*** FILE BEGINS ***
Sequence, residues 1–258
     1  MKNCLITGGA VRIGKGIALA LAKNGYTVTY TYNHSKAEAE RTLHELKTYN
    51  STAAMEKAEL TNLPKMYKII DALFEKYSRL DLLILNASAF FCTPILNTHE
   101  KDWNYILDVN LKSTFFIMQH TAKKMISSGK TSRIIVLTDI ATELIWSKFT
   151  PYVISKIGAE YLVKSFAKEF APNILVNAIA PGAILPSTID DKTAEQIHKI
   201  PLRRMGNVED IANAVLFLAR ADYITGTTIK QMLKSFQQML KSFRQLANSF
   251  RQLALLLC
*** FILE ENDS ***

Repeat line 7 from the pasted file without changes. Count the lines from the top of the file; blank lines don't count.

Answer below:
   251  RQLALLLC